It’s been nine years since John Waters’s last film, “A Dirty Shame,” which describes the state of affairs for his fans, for whom roadshow productions of “Hairspray” the musical just aren’t the same. However, if you’d like to make a visit to a perfect facsimile of Watersland, then “First Period” is the movie that Mr. Waters would have made if, instead of a Baltimore Baby Boomer he’d grown up as an 80s kid in Southern California.
Taking the demented reins in hand are the triumvirate of Charlie Vaughn (director), Brandon Alexander III (writer/actor) and Dudley Beene (actor), all three of whom also share producing credit, and it’s uncanny how closely they follow the Waters mold, whether consciously or not.
The script itself is a parody of 80s high school movies and, like many of Waters’s own works, is ultimately simplistic in structure. Like his films, though, this isn’t about a trip from A to B – it’s about all the sideshows on that journey. The overall story wouldn’t win any awards, nor do I think it was meant to. You probably won’t notice, though, because the little stops along the way are just so enjoyable, and the dialogue is hilarious.
In a nutshell (or a C cup), here’s the story: fifteen year-old Cassie Glenn (Alexander, “Kids Eating Paste”) has just moved to a new town with her mother (Cassandra Peterson, “Elvira, Mistress of the Dark”) and is determined to become the most popular girl in school before she hits sixteen and womanhood, which happens to be at the end of the week.
Cassie — “superstar extraordinaire, you’re welcome!” — tries to get in with the cool kids, Heather (Lauren Rose Lewis, “Dexter”), Other Heather (Karli Kaiser, “Community Therapy”) and their hunky but basically clueless on-again, off-again boyfriends, Brett (Leigh Wakeford, “Be”) and Dirk (Michael Turchin, “Isolation”). However, this doesn’t go over so well, and she soon accidentally befriends strange girl Maggie Miller (Beene, “The Corporate Cut Throat Massacre”), who becomes her cohort for the rest of the film.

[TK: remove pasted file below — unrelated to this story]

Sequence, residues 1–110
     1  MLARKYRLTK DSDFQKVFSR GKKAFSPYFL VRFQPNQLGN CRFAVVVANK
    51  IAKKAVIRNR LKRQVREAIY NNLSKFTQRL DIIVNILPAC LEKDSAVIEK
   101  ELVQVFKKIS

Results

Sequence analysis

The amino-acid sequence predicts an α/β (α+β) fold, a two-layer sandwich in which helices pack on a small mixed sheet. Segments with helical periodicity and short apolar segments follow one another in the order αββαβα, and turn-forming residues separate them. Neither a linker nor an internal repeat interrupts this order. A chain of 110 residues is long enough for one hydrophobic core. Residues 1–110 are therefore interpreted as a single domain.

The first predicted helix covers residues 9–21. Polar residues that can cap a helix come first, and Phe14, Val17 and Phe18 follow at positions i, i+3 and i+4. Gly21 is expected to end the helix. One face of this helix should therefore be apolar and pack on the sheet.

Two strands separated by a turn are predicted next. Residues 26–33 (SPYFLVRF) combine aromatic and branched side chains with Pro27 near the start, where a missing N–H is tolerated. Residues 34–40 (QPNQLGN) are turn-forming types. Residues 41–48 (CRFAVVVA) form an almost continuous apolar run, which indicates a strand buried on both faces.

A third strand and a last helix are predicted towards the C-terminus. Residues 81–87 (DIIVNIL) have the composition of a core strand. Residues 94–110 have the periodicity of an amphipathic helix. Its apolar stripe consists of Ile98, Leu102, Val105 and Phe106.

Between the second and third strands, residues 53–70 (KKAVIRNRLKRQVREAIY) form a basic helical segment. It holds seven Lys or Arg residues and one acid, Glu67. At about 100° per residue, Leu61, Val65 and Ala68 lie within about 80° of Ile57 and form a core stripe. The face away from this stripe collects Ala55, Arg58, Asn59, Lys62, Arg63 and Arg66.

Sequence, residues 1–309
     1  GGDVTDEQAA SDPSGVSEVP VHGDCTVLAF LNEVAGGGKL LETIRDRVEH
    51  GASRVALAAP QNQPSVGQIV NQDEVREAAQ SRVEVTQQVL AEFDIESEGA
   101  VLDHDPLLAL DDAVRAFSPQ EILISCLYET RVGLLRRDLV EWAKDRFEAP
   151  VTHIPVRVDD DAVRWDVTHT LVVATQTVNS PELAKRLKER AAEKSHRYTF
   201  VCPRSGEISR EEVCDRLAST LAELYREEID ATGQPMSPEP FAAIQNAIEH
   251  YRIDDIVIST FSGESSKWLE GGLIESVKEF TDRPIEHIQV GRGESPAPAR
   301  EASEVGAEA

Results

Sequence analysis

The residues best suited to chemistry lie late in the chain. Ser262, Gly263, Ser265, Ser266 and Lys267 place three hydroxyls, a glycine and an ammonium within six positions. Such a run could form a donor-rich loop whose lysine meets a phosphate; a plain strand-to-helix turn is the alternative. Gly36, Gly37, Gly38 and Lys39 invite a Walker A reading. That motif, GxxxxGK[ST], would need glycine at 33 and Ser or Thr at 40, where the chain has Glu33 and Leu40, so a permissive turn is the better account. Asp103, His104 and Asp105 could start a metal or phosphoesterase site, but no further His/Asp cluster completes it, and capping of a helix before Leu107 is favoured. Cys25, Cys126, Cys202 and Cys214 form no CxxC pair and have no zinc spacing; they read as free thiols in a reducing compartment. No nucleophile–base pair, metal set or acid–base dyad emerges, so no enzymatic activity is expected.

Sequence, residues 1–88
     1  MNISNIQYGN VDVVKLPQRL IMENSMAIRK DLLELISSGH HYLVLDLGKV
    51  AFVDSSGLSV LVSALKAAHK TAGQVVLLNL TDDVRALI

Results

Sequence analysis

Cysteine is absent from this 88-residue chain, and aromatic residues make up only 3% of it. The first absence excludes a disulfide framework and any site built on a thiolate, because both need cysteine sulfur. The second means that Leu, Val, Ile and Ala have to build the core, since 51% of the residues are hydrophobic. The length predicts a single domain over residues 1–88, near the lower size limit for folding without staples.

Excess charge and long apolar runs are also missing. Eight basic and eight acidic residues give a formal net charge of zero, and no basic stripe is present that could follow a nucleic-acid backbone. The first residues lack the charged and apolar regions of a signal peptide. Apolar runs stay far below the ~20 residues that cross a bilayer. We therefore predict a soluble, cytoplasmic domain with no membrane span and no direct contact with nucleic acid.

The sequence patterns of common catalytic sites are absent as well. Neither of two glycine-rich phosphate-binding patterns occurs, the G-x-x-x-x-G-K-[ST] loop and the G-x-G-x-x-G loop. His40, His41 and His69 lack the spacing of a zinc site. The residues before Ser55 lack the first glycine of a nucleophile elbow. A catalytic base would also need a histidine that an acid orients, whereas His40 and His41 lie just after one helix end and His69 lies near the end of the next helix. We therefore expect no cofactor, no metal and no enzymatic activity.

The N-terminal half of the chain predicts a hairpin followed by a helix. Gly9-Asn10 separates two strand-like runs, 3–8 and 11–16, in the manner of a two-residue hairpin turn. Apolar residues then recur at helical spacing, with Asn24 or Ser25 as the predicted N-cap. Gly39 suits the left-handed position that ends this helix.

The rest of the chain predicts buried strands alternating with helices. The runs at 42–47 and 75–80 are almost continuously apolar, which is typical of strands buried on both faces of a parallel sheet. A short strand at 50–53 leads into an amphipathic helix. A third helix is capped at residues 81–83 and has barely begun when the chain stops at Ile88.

The two of them become attached at the hip for the rest of the film as they deal with the Heathers and the Hunks, some of the strangest teachers ever seen on screen, an hilariously wrong attempt at a pregnancy test, and, ultimately, humiliation and redemption.
Nothing here is meant to be taken seriously — after all, we have two adult men who are probably close to a decade out of high school themselves playing fifteen year-old girls — and yet, the final message of the film is very serious and very positive. Even some of the villains ultimately mend their ways in a feel-good ending.
This is where “First Period” most reminds me of the films of John Waters. While he has long been called the “prince of filth,” any of his films from “Polyester” on are actually far more tame in execution than what passes for gross-out comedy now, and this is because he clearly always had great affection for all of his characters, no matter how perverted they were by normal standards. The same is clearly true of director Vaughn. Nobody in “First Period” is anywhere near normal, and yet every single one of them is still relatable as a human being.
Waters is the grandfather of gross-out cinema, but with two grandkids. When his style is pulled off with intelligence and charm, we get line-crossing and yet thought-provoking works like “South Park” and “Family Guy.” When it is pulled off with neither of the above, we get celluloid abortions like “Movie 43.” Happily, “First Period” is firmly in the former camp. Intelligence and charm are all over the place here, no matter how uncomfortable the subject matter.